In a way, the key to the issue seems to be how differently people are reading it. I know quite a few of the signatories, and I read it one way, as do most of the people I know from that sort of background. On the other hand, people from other backgrounds tend to read it very differently.
This is roughly how I read it:
We (the signatories) agree that there are several things that often really frustrate us about the Church of England:
- the parish system often hinders mission
- very good candidates for ministry are often rejected because of some low quality selectors
- there are too many people in the Church of England who don't share the historic and Biblical faith
- we think it's unfair that we should have to support them financially
Some of us feel so strongly about these, and find them so much of a problem that they might ignore the C of E when it does silly stuff like stops us from serving God for no really good reason, and the rest of us, while we might not do that ourselves, can certainly understand where they're coming from and will support them in that.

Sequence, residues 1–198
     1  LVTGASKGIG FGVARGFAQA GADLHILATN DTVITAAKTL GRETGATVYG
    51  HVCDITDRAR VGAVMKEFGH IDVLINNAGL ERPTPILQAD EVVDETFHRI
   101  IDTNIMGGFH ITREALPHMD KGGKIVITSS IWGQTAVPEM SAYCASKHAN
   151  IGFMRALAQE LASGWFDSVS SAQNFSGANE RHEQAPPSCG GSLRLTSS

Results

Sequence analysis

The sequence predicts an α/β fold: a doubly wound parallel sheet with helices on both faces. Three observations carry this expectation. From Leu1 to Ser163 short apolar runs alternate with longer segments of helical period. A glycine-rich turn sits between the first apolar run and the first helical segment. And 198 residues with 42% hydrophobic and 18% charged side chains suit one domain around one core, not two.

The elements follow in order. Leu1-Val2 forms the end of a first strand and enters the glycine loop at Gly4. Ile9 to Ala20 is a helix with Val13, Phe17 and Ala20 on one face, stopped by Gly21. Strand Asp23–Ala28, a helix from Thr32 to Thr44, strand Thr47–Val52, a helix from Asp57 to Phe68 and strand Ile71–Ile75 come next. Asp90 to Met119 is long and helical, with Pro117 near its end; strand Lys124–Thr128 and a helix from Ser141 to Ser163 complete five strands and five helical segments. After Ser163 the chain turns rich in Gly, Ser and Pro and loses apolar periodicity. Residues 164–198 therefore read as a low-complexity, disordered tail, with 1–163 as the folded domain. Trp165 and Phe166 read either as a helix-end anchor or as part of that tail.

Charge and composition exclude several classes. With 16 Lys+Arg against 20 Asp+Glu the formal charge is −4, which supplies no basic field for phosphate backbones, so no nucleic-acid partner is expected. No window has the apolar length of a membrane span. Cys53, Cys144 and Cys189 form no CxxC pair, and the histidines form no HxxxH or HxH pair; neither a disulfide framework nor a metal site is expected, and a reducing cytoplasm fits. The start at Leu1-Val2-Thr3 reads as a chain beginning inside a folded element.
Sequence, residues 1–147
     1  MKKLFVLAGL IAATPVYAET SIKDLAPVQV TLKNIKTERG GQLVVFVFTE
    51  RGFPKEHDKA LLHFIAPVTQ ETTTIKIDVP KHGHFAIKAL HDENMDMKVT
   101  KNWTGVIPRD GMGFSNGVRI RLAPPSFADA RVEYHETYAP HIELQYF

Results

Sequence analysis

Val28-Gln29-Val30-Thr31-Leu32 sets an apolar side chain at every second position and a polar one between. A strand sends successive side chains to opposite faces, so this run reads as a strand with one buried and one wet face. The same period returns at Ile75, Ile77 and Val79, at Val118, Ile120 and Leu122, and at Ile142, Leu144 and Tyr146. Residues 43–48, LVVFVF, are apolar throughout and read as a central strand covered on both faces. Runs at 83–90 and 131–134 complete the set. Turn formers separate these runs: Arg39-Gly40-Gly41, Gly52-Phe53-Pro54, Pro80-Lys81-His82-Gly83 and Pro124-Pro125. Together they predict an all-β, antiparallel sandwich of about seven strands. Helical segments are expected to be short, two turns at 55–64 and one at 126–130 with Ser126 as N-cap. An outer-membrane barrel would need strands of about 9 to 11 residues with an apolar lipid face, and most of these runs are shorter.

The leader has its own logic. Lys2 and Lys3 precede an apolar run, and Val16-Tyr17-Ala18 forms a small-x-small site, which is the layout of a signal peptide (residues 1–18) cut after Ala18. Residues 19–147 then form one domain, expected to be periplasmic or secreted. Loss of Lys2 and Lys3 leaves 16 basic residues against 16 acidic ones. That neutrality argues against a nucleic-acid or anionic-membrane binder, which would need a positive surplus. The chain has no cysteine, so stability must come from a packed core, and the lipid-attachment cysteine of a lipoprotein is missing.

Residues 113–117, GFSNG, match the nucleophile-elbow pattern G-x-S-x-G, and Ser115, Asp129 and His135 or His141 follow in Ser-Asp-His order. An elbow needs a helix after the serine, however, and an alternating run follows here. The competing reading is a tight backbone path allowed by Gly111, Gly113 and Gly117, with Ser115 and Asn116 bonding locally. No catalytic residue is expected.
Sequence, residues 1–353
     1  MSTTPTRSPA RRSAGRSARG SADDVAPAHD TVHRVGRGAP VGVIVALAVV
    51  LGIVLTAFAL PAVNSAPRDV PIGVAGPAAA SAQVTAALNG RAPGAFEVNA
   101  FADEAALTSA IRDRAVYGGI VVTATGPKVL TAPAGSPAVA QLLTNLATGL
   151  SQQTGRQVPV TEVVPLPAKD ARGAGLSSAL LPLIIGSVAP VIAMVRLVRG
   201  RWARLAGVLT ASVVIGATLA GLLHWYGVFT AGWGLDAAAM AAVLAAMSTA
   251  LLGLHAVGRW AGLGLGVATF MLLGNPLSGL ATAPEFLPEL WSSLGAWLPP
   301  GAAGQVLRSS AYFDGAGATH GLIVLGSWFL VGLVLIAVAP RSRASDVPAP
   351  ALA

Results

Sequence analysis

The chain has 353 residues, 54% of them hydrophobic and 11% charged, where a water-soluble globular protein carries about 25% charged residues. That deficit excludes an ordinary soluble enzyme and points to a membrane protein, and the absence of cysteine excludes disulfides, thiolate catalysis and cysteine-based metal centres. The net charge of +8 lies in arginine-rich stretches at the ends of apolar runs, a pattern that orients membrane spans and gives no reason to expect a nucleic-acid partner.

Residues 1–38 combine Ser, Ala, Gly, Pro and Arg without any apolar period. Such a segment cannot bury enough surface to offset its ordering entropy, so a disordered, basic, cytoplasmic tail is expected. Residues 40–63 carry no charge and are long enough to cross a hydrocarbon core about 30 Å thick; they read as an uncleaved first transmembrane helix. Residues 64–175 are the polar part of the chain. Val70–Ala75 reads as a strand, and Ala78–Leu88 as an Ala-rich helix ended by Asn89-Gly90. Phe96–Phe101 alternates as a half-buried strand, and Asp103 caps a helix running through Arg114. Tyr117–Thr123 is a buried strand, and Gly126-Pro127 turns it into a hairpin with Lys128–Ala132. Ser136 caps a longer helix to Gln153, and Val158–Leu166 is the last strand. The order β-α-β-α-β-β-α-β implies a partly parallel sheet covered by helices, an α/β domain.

We don't want to leave the Church of England – we are Anglicans and still see ourselves as Anglicans.
On the other hand, people who aren't from that background tend to read it as something that's essentially starting a schism or something by drawing a line and saying “we're on this side, you're on the other, we don't like you”. To my mind, that suggests that the people who wrote it probably wrote it too quickly, as Tom Wright points out, and should probably have asked more widely about how people would understand what it said.
As to where I stand - I'm certainly in sympathy with the concerns of the people who wrote the Covenant, but wish they had expressed them better and that Tom Wright and others had been more loving in their responses. I'm not saying I'd have done any better in any of their positions though...
Some people have written some more stuff on it worth reading:
Thanks to Thinking Anglicans for the links.